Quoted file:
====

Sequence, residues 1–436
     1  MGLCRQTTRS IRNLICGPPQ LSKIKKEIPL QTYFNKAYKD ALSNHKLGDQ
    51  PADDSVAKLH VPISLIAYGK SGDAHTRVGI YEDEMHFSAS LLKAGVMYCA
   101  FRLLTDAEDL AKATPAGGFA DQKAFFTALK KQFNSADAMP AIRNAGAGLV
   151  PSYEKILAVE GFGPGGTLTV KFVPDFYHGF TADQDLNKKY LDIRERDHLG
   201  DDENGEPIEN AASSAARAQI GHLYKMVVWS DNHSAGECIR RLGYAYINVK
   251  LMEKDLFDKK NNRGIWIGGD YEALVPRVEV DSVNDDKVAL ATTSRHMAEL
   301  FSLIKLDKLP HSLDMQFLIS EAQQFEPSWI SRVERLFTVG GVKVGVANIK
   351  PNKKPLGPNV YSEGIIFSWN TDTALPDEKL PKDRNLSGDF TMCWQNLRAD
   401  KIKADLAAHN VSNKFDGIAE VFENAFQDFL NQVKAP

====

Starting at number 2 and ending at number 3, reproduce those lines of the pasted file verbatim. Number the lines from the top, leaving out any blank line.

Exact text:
     1  MGLCRQTTRS IRNLICGPPQ LSKIKKEIPL QTYFNKAYKD ALSNHKLGDQ
    51  PADDSVAKLH VPISLIAYGK SGDAHTRVGI YEDEMHFSAS LLKAGVMYCA